Summary: How do we respond to those who are new Christians and who still "smell" of their former sinful lives?

“WHAT'S THAT SMELL?”: People just spiritually delivered by God usually don’t “smell good.”

- Jonah 2:10.

- Jonah didn’t smell good.

- People coming out of sinful lives don’t usually “smell good.”

- There’s lingering sin. There are attitudes. There are habits.

- We all want Disney endings, but often deliverance is dirty, ugly, and messy.

- Smelling like a flower in church versus like vomit.

- If someone came to church smelling like vomit, you can imagine the offended and shocked looks they would get. That’s similar to the looks some people get when they come to church in their sin.

- Repentance smells like vomit.

OUR JOB: See beyond the vomit to the value.

- What do I mean by that?

- It would have been easy to look at Jonah and want to head in the opposite direction. He was covered in whale puke. He’d just spent three days and nights marinating in whale stomach enzymes. I have no doubt that he stunk to high heaven.

- But look beyond the vomit for a moment. Also standing before you is a called man of God. Also standing before you is an embodiment of God’s grace and redemption. Perhaps (going back to the last sermon) is even a man newly risen from the dead!

- It would be easy to be overwhelmed (literally and figuratively) by the smell of the vomit. But look beyond the vomit to the value.

- When we see people taking first steps toward God, we need to see beyond the vomit to the value.

- Yes, that person may look terrible because of the drugs they’ve been doing, but look beyond the vomit to the value. There’s a person there that God is going to use to transform dozens of lives of other addicts.

- Yes, that person may reek of bitterness because of the divorce she just came through, but look beyond the vomit to the value. There’s a heart of mercy deep inside that God is going to use to touch others.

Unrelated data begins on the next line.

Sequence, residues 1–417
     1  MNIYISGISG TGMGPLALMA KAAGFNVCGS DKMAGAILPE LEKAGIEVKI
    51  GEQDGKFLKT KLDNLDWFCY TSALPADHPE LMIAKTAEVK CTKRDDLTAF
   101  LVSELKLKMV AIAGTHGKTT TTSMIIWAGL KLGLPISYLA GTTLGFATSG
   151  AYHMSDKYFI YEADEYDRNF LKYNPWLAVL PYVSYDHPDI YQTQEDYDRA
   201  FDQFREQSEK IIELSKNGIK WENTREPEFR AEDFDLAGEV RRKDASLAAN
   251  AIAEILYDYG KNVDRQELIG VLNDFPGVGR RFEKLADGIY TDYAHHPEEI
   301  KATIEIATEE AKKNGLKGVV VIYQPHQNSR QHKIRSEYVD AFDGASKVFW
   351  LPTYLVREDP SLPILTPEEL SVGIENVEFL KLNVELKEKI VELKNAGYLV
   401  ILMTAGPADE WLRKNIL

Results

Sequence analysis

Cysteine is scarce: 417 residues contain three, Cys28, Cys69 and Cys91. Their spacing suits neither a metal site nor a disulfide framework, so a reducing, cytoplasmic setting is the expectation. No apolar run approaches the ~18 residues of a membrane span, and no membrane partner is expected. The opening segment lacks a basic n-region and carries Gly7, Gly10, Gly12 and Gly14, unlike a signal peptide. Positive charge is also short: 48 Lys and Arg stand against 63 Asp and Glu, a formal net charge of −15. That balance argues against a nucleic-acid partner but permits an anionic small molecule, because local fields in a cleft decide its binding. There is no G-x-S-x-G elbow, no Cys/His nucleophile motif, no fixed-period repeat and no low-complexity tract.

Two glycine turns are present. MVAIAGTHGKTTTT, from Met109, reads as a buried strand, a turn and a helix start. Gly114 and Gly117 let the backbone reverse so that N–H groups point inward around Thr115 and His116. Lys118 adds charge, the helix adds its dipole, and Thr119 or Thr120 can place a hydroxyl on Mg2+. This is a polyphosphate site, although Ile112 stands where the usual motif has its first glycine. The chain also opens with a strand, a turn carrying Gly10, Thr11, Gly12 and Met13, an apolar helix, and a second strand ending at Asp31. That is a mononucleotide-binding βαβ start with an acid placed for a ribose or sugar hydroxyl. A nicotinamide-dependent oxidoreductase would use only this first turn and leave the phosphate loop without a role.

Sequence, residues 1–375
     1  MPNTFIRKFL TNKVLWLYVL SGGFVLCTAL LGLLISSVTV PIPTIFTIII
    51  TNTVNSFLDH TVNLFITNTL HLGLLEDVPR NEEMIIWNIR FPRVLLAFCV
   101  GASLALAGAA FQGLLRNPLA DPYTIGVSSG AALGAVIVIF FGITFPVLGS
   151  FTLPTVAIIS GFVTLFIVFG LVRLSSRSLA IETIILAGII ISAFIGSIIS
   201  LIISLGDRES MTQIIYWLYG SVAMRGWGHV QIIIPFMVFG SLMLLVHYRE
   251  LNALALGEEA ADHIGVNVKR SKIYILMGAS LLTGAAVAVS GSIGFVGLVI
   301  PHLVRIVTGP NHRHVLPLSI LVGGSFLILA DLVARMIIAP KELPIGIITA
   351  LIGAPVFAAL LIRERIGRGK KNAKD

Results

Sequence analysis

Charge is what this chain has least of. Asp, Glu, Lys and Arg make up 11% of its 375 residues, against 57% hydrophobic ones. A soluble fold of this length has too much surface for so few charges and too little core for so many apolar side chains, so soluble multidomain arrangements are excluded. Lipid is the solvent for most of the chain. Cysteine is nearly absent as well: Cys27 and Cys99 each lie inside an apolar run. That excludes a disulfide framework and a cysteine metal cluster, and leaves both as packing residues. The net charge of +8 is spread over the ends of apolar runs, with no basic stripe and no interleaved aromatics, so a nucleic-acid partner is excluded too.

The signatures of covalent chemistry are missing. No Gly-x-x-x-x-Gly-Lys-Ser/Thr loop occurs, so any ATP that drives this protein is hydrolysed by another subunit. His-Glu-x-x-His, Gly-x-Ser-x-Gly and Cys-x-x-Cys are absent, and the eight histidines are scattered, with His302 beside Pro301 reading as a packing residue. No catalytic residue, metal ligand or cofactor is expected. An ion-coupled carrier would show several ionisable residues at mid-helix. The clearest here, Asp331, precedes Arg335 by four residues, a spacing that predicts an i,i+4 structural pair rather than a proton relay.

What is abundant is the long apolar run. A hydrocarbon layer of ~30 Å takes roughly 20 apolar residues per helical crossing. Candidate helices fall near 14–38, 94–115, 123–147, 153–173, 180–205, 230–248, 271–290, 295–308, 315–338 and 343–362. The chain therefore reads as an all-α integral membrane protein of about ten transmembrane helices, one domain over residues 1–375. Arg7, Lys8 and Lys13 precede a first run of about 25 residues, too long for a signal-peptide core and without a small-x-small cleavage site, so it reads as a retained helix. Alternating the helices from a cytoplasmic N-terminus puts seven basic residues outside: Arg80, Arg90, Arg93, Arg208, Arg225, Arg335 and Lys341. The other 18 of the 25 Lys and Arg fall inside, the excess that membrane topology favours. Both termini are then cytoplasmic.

- Yes, that person may be the meanest man on his shift, but look beyond the vomit to the value. There’s a desire to serve the Lord that’s going to be transformative for the church.

- We need to see beyond the problems to the person.

- No one can clean themselves up. We believe that it takes the Holy Spirit working in our live to transform us.

- Jesus came for the messed-up.

- He said He came for the sick, not the well (Mark 2:17).

- We need to accept that lost people usually bring a mess with them.

- It’s actually a reason – in a way – to praise God. The fact that they have big issues means that God is working on someone who was deep in sin. It’s a good thing. This thing is about redemption!

- Too often we want people who are already cleaned up coming in the church to help us grow. We seem to want people who have been cleaned up by other churches and then come to fit right in at our church. No! We should want those who are deep in sin and who are far from God. And when those people are saved, we need to see beyond the vomit to the value.

- Many people don’t come to church even if there is some desire toward God in their heart because they know (and they’re right) that we don’t want them.


1. Don’t just look at them – go and encourage them.

- Even if we are glad that they have started to church, too often we don’t express that. We glance at them from across the sanctuary, glad that they’re here but never going over and talking to them.

- The problem is that for the new person those furtive glances can feel like judgment rather than welcome. It’s likely that they’re already apprehensive about being in the church in the first place.

- We need to make it a point, not just once but regularly, to go and encourage them.

- “I’m so glad you’re here!”

- “I’m praying for you.”

- “Your presence is a joy to me.”

- Love them even if they scare you. Encourage them even if they offend you.

- We need to love them before the life change happens.

- After all, that’s what God did for us.

- Story: Having J. come forward. Huge biker guy – he looked the very definition of tough. I was intimidated by him. Someone told me later that he was scared of me (because me being a preacher intimidated him just because he didn’t know a lot about God).

2. You don’t need to point out the smell.

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